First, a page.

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Southeast Drought Again*

Southeast drying up again

By Patrick O'Driscoll, USA TODAY

Less than two years after recovering from drought, the Southeast is drying out again.

A U.S. Forest Service helicopter dumps water on a forest fire Wednesday near Leicester, N.C.

Steve Dixon, Asheville Citizen-Times

March is usually one of the wettest months in the region. But record-low rainfall this month in parts of Georgia, the Carolinas, Florida, Alabama and Mississippi raises the danger of spring wildfires and threatens crop growth.

Water officials say it's too soon to worry about water shortages or restrictions on lawn-watering and other household uses. This month's dryness has not jeopardized water supplies or wells. Nor have levels in rivers and lakes slipped to the point of bans on boating and water skiing, which happened two summers ago in the fourth year of the region's last drought. Abundant rain last year replenished reservoirs and groundwater.

But it is still quite dry. The flow of dozens of streams in the Southeast has ebbed to as little as one-third of normal. The national "Drought Monitor" map, updated Thursday by federal and state climate agencies, labels most of Georgia and South Carolina and parts of Alabama and North Carolina as "abnormally dry" for the first time since late 2002. (Related: Dought Monitor map, text)

Eleven major cities in six Southeastern states — and numerous smaller towns — are on track to set marks for the least rainfall in March. With less than a week until April, most have received less than 10% of average precipitation.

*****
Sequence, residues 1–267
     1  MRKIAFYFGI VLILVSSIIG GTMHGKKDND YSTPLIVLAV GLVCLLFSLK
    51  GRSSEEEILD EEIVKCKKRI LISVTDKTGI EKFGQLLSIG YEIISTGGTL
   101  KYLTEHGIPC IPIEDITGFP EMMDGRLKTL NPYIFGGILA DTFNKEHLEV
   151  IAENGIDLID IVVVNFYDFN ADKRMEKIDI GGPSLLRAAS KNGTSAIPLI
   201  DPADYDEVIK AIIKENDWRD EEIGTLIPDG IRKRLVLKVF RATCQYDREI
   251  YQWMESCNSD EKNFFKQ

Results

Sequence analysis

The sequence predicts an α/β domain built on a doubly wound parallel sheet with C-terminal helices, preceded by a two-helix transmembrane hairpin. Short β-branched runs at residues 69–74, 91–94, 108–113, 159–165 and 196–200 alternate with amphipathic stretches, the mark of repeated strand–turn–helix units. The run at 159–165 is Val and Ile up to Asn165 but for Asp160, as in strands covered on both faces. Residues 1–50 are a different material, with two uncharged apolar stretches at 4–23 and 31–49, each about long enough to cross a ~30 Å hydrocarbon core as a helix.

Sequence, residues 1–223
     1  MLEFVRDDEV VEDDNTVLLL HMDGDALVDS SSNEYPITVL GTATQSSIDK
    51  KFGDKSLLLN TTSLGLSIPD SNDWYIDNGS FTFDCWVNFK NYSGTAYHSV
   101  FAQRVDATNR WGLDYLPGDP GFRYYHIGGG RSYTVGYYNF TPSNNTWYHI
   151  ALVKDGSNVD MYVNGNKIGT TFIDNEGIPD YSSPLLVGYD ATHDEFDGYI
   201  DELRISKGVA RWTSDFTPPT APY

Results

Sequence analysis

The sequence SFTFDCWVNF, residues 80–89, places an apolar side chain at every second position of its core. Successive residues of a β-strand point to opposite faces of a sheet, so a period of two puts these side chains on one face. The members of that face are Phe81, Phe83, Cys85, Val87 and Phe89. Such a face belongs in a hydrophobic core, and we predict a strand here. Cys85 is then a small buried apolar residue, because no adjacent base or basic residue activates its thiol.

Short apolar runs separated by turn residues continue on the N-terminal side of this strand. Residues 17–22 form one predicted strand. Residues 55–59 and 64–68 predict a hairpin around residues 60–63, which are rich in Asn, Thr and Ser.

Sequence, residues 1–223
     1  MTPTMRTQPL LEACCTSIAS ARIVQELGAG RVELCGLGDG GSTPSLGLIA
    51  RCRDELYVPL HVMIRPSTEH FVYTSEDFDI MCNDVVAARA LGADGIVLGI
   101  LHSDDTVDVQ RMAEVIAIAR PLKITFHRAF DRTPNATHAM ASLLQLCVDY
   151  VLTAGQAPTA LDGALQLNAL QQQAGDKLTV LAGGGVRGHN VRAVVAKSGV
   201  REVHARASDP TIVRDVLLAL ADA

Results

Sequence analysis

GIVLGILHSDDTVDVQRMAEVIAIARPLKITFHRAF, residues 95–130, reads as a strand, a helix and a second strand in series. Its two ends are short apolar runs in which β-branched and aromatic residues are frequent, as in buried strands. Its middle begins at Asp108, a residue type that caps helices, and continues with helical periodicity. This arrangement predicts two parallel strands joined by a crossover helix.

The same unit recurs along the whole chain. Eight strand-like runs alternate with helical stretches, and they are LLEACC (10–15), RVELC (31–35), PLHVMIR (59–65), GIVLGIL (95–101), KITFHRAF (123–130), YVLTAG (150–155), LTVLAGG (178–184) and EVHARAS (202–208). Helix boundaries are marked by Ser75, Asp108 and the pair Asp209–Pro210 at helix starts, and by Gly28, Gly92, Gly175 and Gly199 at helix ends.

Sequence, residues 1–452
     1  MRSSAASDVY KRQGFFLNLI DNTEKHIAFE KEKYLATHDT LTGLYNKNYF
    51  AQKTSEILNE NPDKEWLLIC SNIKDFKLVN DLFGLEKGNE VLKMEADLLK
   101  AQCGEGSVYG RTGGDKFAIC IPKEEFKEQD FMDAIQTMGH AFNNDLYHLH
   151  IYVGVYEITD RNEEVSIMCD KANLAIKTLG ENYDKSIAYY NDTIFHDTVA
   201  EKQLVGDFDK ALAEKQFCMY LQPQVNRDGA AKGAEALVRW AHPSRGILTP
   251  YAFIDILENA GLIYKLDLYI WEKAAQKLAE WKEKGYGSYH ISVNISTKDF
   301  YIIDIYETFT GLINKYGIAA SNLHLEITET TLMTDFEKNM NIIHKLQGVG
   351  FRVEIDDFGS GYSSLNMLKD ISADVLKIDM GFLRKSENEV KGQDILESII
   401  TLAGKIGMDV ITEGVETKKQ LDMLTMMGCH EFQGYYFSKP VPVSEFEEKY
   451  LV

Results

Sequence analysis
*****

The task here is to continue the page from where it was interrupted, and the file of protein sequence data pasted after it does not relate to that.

Driest March on record

City March 2004 Driest March Average March

Atlanta 0.45 0.88 (1905) 5.38

Charlotte, N.C. 0.50 0.58 (1985) 4.39

Greenville, S.C. 0.49 1.01 (1905) 5.31

Athens, Ga. 0.38 0.99 (1905) 4.99

Columbus, Ga. 0.20 1.38 (1985) 5.75

Montgomery, Ala. 0.56 0.85 (1910) 6.39

Tallahassee, Fla. 0.12 0.18 (1908) 6.47

Savannah, Ga. 0.08 0.18 (1955) 3.64

Source: National Weather Service

"I mowed the lawn the other day, and the dust came up," says Tom Moore, senior meteorologist for The Weather Channel, which is based in Atlanta.

A key reason for the dry patch, Moore says, is a persistent ridge of high pressure in the atmosphere above the region. For weeks, the weather phenomenon has blocked storms from passing over the Southeast.

Thursday's drought update also says "deeply entrenched drought" grips all of the West except the Pacific Coast. Parts of the Plains and upper Midwest also are in moderate to extreme dryness. A small swath of central New England also is abnormally dry.

Brian McCallum, a hydrologist in the U.S. Geological Survey's Georgia district, says the long-term forecast in the Southeast is for more dryness, so drought "could start to become a concern" once more. "But one well-placed hurricane could change everything," McCallum says.

Wildfire is an early consequence. About 200 fires have burned more than 3,300 acres of Alabama forest since an alert was posted last weekend for 55 of the state's 67 counties. A blaze Tuesday charred more than 10 acres in southeastern Atlanta — small by rural standards but remarkable within the boundaries of one of the Southeast's largest cities.

Contributing: Larry Copeland in Atlanta, Chris Vaccaro

(Original Len: 3486 Condensed Len: 3825)

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